Quality surgical care is strongly linked to hospital readmission rates, according to a study from Harvard School of Public Health (HSPH), which appears in the New England Journal of Medicine.
Much of the policy focus in the past has been on reducing readmissions after hospitalization for medical conditions, such as heart failure and pneumonia, but this approach has been controversial. Readmissions for medical conditions are primarily driven by how sick the patients are and whether they live in poor or better-off communities; the link between hospital quality and readmissions is less clear. The study sought to find out if there was a relationship between readmission rates after surgery and the quality of surgical care in that hospital.
The researchers calculated 30-day readmission rates using Medicare data for six major surgical procedures: coronary-artery bypass grafting, pulmonary lobectomy, endovascular repair of abdominal aortic aneurysm, open repair of abdominal aortic aneurysm, colectomy, and hip replacement. The study cohort was composted of 479,471 discharged patients from 3,004 hospitals in the U.S. who underwent one of the six procedures.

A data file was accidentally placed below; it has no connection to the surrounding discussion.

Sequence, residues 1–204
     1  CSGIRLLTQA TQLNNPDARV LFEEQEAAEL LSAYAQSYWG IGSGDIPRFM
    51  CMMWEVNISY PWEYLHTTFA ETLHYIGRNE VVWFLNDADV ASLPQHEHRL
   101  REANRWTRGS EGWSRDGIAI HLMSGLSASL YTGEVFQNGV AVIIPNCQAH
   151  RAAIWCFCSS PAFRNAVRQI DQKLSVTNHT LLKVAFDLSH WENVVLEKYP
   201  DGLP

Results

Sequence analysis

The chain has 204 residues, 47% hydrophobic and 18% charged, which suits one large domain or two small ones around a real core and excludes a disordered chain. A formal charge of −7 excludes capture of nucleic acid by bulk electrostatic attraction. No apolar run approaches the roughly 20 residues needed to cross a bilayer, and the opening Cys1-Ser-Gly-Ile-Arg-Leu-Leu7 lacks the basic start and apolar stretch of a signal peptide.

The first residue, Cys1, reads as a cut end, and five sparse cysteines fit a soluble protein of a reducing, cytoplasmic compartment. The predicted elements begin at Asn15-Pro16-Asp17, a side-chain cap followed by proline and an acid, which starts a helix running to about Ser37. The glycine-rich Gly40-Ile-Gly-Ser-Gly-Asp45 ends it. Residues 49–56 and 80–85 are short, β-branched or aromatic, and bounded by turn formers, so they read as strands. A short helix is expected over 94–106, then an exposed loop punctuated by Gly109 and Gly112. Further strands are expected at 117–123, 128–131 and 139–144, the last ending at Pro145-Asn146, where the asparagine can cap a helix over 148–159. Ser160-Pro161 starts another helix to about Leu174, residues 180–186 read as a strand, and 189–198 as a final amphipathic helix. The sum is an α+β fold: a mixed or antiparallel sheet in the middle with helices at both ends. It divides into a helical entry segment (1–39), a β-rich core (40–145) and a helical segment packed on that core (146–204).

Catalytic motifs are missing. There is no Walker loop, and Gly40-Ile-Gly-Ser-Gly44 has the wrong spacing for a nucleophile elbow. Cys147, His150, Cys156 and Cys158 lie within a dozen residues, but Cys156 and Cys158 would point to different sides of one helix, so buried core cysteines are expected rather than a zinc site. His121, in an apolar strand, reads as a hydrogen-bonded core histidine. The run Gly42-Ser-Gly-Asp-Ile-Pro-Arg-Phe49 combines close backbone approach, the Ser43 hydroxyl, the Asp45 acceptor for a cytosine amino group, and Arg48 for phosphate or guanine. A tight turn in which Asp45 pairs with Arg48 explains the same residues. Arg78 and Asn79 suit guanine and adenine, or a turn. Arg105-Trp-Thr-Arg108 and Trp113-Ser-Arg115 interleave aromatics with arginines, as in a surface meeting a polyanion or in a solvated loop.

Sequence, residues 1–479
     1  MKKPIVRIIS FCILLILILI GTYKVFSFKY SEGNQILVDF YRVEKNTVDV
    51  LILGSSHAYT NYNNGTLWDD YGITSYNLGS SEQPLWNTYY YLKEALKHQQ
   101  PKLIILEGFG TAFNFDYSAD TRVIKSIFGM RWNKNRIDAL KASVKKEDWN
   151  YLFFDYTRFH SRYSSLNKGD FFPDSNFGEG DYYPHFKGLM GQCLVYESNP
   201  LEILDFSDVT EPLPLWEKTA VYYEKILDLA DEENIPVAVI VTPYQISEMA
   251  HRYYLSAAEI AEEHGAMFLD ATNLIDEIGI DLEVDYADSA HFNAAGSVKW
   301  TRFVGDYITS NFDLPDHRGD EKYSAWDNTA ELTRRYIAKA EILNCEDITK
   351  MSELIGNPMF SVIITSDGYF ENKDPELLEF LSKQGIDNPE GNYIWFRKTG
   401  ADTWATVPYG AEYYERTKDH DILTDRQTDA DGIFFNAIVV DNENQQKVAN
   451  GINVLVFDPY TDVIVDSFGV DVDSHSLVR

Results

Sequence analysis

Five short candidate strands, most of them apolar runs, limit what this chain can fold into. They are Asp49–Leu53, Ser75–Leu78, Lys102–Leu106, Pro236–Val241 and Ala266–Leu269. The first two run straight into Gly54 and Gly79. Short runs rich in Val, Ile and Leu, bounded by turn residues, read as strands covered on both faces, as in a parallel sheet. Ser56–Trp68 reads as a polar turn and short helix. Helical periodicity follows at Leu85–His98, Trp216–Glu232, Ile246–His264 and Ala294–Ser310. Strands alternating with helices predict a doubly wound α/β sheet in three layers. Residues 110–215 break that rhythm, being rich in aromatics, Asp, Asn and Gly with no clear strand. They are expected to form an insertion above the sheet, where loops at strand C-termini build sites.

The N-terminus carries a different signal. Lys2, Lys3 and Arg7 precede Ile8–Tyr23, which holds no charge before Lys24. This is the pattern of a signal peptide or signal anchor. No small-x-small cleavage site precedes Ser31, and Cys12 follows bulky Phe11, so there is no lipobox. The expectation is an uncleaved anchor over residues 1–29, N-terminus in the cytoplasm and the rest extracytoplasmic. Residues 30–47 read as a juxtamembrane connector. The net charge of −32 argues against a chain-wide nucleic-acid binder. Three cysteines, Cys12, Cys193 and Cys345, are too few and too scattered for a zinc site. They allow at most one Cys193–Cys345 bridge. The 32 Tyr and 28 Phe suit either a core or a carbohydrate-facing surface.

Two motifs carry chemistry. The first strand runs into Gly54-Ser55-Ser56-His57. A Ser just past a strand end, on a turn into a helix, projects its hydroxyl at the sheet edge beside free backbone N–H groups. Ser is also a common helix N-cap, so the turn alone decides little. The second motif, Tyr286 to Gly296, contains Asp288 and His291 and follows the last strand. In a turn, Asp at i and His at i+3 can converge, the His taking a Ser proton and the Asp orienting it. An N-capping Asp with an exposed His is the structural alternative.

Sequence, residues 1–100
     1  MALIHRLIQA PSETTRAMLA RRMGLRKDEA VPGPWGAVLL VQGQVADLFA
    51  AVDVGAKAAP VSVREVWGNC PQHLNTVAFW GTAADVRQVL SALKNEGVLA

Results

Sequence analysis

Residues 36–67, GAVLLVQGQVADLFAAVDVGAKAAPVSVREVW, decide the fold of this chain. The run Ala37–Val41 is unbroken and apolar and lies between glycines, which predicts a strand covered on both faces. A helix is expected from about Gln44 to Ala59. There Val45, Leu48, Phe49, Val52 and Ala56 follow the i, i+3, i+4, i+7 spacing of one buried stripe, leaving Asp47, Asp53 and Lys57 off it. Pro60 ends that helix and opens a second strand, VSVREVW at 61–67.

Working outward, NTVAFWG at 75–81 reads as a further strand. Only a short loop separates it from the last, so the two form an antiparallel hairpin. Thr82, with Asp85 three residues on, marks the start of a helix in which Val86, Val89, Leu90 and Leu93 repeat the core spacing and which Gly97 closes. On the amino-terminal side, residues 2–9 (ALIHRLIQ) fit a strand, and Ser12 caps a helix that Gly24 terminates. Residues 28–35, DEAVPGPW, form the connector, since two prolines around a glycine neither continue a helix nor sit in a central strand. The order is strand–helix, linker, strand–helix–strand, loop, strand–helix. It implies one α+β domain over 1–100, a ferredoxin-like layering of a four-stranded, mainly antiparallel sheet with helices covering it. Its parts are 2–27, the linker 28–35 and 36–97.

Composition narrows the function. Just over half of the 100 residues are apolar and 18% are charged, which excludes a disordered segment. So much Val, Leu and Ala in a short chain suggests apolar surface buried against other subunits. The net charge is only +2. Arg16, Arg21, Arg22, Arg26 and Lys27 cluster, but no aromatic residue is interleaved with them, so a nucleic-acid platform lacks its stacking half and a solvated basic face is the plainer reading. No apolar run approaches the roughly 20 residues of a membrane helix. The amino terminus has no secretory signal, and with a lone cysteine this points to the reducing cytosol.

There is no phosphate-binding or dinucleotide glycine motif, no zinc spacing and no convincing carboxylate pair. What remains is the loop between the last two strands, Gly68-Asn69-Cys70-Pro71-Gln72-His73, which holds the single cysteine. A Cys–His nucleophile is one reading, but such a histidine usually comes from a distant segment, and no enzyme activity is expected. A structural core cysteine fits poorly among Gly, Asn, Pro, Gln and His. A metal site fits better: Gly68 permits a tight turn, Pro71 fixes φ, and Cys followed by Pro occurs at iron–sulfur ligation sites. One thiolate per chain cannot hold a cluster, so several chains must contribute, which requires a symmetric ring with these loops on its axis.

The results showed that approximately one in seven patients discharged was readmitted within 30 days. Hospitals with the best performance on two well-established measures of hospital surgical quality, surgical volume and 30-day mortality rates, had much lower readmission rates than other hospitals. For example, hospitals in the highest quartile for surgical volume had a significantly lower readmission rate than hospitals in the lowest quartile (12.7 percent vs. 16.8 percent). Hospitals with the lowest surgical mortality rates had a significantly lower readmission rate than hospitals with the highest mortality rates (13.3 percent vs. 14.2 percent).
The findings provide evidence of a strong relationship between surgical quality and readmissions and could encourage hospitals to focus on making surgical care better. To date, reducing hospital readmission rates has been an important clinical and policy priority, but whether those rates really measure the quality of hospital care hasn’t been clear, researchers find. The finding provides an opportunity for policymakers to improve surgical quality and decrease readmission costs and supports plans by CMS to expand its readmission penalty program to include surgical procedures.
Source: Harvard School of Public Health (HSPH), September 18, 2013
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